After McLennan et al. Well-stratified sandstone in Burns formation showing low-angle truncation surfaces and cross-stratification, typical of traction sedimentation processes in turbulent flows. Note dispersion of spherules throughout deposit and absence of concentration along bedding planes and scour surfaces. The image was obtained on sol Though direct observation of the events triggered by a large impact on a terrestrial planet has never been made, insight into the sediment dispersal dynamics can be gained from the literature on explosive volcanic eruptions and nuclear tests.

Surges generated by subaerial, pyroclastic eruptions are low-concentration, high-velocity currents, which are dominated by high degrees of turbulence Carey , Orton The stratification and sorting characteristics of volcanic base surge deposits are largely determined by the particle concentration and velocity profiles across the flow-boundary zone from which the lithofacies aggrades Branney and Kokelaar The particle concentration and velocity profiles follow clear trends based on proximity to the source and relative position within the flow, producing predictable patterns in stratification and sorting.

Deposits formed from these flows show distinct proximal to distal and bottom to top changes consistent with decreases in flow velocity and sediment accumulation rate Chough and Sohn In more vent-proximal areas and within valleys or channels, where sediment accumulation rates from suspension are high, thicker, massive, and coarser-grained deposits accumulate Crowe and Fisher , Chough and Sohn , Druitt , Orton As the cloud loses material and sediment concentration declines, deposition from the traction carpet dominates, and stratified deposits form Schmincke et al.

Thus, deposits progress from massive to well stratified, both outward from the vent—though local topography complicates this Schmincke et al. Grain size also generally decreases in these two directions, and sedimentary structures change from higher- to lower-velocity bed forms Crowe and Fisher , Chough and Sohn In the deposits formed by the Sudbury impact event, basal, disorganized, pebble to boulder breccias, composed of underlying lithologies, commonly with little to no lithic or accretionary lapilli, overlie a bedrock surface that is, in places, severely jointed. The near-surface rock layers were fractured and rotated by the strong earthquake produced by the impact Addison et al.

The presence of abundant boulders over 1 m in diameter that were entrained by the flow indicates that the leading edge of the base surge was traveling at very high velocity. Additionally, the shock wave see Wohletz et al. The breccias commonly are coarse-tail graded upward Addison et al. They are overlain by upper-flow-regime, parallel-laminated sandstones composed of angular, aphanitic grains of various sericite- and chlorite-dominated lithologies Cannon et al.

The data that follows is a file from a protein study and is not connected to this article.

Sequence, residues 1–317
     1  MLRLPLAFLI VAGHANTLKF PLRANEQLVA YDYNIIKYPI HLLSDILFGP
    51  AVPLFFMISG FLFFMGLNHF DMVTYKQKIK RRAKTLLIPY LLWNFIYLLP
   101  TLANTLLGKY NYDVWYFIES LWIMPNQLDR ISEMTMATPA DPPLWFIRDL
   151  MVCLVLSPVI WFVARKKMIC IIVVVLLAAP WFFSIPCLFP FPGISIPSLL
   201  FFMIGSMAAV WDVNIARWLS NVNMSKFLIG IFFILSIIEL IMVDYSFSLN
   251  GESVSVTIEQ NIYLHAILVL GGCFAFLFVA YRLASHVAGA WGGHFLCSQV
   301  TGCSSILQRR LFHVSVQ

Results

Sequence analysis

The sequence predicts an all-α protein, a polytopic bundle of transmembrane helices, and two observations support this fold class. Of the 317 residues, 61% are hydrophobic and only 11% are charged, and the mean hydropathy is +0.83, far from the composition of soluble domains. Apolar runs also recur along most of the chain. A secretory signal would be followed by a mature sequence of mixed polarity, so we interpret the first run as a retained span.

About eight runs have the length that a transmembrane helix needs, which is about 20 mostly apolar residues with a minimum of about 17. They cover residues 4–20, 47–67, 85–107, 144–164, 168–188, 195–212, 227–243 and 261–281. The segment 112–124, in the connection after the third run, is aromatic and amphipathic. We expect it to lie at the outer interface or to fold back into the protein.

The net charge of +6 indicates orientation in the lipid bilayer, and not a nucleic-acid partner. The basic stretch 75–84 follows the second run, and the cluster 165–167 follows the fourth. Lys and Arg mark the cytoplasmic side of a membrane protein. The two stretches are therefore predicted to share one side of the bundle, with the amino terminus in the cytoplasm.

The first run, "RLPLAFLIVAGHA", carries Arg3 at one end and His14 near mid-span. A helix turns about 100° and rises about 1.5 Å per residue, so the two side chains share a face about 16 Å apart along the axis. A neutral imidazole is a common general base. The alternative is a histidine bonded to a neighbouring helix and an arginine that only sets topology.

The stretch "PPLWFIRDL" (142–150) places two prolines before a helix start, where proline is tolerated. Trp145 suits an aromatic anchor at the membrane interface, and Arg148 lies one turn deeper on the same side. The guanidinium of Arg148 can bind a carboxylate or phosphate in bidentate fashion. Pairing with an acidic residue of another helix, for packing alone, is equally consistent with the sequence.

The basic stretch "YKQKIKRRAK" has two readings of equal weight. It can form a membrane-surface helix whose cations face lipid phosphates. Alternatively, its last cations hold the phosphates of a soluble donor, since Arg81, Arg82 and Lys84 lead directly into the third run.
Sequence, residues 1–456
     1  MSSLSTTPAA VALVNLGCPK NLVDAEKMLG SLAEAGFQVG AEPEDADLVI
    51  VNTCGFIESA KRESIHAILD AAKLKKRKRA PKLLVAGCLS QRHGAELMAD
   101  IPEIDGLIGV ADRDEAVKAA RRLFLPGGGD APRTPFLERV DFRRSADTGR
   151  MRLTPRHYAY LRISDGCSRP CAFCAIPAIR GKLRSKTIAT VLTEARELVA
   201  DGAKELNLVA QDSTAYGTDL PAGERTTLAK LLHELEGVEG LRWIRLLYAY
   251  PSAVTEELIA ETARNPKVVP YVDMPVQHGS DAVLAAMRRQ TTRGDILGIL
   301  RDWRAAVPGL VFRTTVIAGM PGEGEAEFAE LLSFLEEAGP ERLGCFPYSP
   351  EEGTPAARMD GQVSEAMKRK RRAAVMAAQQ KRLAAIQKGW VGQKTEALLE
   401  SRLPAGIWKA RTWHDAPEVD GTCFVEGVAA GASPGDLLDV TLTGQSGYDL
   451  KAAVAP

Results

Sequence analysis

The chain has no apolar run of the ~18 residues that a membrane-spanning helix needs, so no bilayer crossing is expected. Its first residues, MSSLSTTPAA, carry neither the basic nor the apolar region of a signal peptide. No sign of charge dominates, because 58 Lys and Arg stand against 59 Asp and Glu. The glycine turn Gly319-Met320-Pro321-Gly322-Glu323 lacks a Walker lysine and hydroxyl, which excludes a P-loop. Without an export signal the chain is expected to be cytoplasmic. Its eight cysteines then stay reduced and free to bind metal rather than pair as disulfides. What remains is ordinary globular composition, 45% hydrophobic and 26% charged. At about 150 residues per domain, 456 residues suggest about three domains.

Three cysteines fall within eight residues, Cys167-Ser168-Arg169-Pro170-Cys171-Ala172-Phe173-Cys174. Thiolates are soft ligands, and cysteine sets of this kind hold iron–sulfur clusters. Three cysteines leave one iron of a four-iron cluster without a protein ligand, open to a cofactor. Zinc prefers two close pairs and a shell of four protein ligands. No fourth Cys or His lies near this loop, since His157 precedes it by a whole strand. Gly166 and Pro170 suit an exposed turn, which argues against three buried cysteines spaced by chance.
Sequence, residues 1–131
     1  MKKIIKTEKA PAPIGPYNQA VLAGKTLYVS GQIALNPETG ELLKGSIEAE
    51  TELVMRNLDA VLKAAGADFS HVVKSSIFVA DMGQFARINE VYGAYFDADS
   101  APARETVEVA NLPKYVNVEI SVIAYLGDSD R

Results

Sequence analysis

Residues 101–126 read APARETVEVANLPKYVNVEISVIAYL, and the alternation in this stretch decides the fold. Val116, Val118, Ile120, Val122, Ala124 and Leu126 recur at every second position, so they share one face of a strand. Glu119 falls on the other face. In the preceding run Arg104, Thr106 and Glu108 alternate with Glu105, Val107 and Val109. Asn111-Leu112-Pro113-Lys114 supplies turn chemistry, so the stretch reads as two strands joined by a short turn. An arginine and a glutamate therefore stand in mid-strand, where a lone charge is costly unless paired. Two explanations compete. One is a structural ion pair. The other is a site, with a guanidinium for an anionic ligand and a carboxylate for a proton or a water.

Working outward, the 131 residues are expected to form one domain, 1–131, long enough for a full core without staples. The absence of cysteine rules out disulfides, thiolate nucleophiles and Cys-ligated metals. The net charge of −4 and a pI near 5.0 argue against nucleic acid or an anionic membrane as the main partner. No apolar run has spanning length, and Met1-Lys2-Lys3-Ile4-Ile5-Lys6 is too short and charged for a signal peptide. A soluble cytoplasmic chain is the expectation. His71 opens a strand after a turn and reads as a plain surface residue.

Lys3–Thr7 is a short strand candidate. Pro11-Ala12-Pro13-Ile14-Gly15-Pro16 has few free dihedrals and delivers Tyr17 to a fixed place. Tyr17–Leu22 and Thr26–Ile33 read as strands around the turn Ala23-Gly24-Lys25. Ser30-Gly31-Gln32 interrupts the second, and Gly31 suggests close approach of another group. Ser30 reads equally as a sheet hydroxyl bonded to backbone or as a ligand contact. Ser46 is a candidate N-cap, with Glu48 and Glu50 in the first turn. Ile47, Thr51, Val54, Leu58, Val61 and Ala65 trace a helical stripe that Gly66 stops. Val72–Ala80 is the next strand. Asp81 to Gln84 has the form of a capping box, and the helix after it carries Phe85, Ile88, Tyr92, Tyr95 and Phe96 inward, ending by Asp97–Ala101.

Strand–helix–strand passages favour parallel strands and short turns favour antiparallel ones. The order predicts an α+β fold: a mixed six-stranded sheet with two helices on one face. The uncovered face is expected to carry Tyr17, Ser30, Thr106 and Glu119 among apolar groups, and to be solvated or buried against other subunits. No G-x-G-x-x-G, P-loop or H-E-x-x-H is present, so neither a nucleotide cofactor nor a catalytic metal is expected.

At site 1, where this sandstone is best exposed, all bed forms are upper flow regime with an upward progression in some sections from parallel lamination to undulatory layering. Undulatory layering associated with parallel lamination similar to that present in the Sudbury impact deposits has been described from base surge deposits in the Laacher See area Schmincke et al. The absence of accretionary lapilli in the lower sandstones may reflect processes similar to those proposed to operate in ground-hugging pyroclastic density currents developed during eruptions on Tenerife Brown et al.

Here, the absence of accretionary lapilli in the basal portion of the deposits is attributed to a two-stage process. Ash pellets formed in the uppermost lofted, moist, and cool parts of the plume above the base surge. They then dropped into the high-velocity, ground-hugging turbulent current, accreted concentric layers, and were sedimented Brown et al. The leading front of the ground-hugging flow advanced in front of the overlying, billowing ash cloud and, thus, did not receive ash pellets to transform into accretionary lapilli.

The thickness of the lower sandstones is probably controlled by fluctuations in velocity and concentration of sediment in the highly turbulent flow. At site 3A, where these sandstones are mostly limited to low-velocity zones in depressions and behind obstacles, overall flow conditions did not fall within the depositional realm until the main upper ash plume had advanced over the area and accretionary lapilli began accumulating. At site 2, the flow conditions accommodated sand and granule deposition from the leading edge of the surge, but arrival of the upper ash plume over this area was accompanied by a change in conditions promoting erosion of an unknown thickness of the sand.